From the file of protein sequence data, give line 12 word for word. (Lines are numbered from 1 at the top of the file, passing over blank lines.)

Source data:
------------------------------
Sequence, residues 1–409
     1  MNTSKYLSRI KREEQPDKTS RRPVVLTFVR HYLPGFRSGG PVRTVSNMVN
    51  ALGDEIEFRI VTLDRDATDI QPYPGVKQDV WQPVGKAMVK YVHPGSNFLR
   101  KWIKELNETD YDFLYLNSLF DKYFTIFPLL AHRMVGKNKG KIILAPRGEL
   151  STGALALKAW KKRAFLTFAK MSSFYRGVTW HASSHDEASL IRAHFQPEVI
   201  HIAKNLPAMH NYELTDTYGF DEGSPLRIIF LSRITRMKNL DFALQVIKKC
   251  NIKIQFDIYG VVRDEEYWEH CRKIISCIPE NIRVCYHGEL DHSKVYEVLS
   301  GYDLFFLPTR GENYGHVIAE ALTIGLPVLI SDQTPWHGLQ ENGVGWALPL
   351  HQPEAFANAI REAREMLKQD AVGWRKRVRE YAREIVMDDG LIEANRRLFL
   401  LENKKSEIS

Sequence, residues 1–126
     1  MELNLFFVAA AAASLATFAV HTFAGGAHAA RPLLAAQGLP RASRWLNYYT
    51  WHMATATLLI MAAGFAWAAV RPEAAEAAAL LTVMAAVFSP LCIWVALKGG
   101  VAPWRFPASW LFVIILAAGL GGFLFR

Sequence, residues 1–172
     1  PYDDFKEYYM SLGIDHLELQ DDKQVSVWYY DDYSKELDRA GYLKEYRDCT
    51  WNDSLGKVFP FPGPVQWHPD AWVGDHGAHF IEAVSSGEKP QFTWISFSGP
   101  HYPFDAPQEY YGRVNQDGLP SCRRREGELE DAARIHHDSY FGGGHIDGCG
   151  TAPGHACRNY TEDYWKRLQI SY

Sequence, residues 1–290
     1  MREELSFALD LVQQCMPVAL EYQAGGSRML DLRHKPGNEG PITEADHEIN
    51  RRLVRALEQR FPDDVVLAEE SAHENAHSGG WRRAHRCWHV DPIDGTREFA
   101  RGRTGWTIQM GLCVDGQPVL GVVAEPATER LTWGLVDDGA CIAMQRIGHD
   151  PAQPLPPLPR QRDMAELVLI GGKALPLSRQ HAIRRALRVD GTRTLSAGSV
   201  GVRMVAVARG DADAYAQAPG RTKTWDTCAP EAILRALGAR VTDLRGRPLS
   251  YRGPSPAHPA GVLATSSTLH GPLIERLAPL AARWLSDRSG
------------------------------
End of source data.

     1  MELNLFFVAA AAASLATFAV HTFAGGAHAA RPLLAAQGLP RASRWLNYYT